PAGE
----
In percentage terms this is how the vote breaks down:
Lib Dems 7.4%
Green Party 1.6%
Plaid Cymru 0.5%
If you are prepared to add in Sinn Finn, Alliance, SDLP, National Health Equality and Women's Party the total for progressives goes over 53%.
When it comes to the regressive alliance the numbers are as follows:
Ulster Unionist 0.3%
The numbers don't add up to 100 because of all the small parties, some of which, like the Yorkshire Party were actually very progressive in their policies. Yet whatever way you add the figures the margin of votes was significant. More than 7%. Way higher than the referendum margin.
So we are being governed by a coalition of regressives that lost the popular vote. Even worse the far right tail of that dog is the DUP. It got hundreds of thousands fewer votes than the Green Party that I stood for. Yet it got 10 seats with 0.7% of the vote whereas we got one seat with 1.6%.
There is an obvious conclusion to draw from this. We need some form of PR. The slight problem is that neither of the two biggest parties has the remotest intention of ever granting that. So the next tempting illusion is that if we can secure a progressive alliance then we can utterly defeat the right next time round.
There is also a slight problem with this theory. The leading party on the left has absolutely no intention of taking part in any progressive alliance at national elections. Locally Labour Party people tend to be very open minded about sensible avoidance of standing against people they respect in local elections. I would not have won my council seat without such an arrangement quietly taking place in a seat that Labour couldn't win. When it comes to national elections this common sense approach doesn't apply. The Green Party stood aside in a whole series of seats to help the Labour Party. Indeed if you add up the number of marginal seats won as a result it was the Greens who made sure May had no majority. In return for this largesse the Green got ....... absolutely nothing. Every concession the Greens made to help Labour was one way traffic. In not a single seat did Labour offer to stand aside in return.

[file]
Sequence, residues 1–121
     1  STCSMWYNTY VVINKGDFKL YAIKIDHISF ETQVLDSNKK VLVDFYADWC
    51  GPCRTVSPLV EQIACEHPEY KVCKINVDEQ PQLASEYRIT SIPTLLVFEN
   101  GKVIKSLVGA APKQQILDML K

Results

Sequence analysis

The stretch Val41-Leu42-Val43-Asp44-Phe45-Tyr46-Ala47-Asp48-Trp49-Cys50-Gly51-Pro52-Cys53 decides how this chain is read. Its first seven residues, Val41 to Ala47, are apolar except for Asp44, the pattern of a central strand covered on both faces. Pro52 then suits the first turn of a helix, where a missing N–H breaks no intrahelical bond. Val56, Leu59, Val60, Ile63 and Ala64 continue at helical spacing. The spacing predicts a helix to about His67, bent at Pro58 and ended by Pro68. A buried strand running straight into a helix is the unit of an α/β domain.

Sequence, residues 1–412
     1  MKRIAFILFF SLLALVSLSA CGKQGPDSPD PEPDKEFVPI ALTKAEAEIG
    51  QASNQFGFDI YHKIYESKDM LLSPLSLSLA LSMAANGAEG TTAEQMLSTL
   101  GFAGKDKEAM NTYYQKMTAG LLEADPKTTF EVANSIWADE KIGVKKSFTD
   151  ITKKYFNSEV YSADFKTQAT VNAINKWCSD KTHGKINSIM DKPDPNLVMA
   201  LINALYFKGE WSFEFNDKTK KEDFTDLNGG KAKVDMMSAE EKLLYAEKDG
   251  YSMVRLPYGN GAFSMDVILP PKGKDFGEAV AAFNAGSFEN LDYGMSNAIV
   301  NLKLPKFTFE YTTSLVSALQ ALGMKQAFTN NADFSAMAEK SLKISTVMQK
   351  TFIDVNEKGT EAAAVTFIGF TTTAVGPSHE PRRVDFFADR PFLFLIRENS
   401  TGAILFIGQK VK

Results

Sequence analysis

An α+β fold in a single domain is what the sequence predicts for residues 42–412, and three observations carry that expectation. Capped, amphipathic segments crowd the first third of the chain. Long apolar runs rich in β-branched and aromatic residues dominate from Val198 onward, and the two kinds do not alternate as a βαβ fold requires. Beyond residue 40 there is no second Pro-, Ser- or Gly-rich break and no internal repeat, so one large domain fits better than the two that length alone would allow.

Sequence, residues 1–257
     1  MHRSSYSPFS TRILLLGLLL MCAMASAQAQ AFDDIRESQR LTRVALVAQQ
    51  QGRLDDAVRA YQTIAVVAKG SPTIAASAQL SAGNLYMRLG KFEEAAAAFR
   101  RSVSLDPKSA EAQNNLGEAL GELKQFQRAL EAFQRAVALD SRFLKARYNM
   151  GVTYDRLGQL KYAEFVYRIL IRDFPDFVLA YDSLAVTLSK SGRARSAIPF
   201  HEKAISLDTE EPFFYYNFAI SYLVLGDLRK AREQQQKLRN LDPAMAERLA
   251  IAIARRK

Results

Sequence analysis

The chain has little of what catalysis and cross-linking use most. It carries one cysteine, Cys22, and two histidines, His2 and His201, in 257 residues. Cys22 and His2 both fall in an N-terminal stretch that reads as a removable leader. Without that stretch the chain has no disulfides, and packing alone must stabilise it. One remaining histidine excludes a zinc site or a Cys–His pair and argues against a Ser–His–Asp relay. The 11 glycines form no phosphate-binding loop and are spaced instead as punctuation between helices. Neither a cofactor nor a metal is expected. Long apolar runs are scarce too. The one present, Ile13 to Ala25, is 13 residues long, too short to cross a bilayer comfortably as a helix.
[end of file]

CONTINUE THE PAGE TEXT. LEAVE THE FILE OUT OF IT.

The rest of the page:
By contrast some small payback deals were struck with the Liberal Democrats. They didn't stand in Brighton and also withdrew in my own seat of Skipton and Ripon. As a result I got the fifth best Green result in the country and my excellent neighbouring Lib Dem candidate got a 2,000 increase in her vote.
So the question has to be asked. What is the point in trying to strike Progressive Alliance deals with Labour if their theory is the Green Party should go away in every marginal seat, but the Labour Party must stand everywhere? You can't have an alliance with a party that won't ally with you and thinks it can absorb all your voters and drive you out of existence. The harsh reality is that the success of Corbyn isn't going to result in the Labour Party recognising that it would have won the election if it had gone all out for a Progressive Alliance. It is going to result in them thinking that they can get rid of the threat from the Green Party once and for all because when push comes to shove most people who want to vote Green hate Conservative policies more than they love the Green Party.
So the Green Party has to decide. Does it wish to carry on being nice and being taken for a ride? If it does then it is in effect deciding to slowly go out of business. People on the left will say very kind things about us. As we dwindle into obscurity.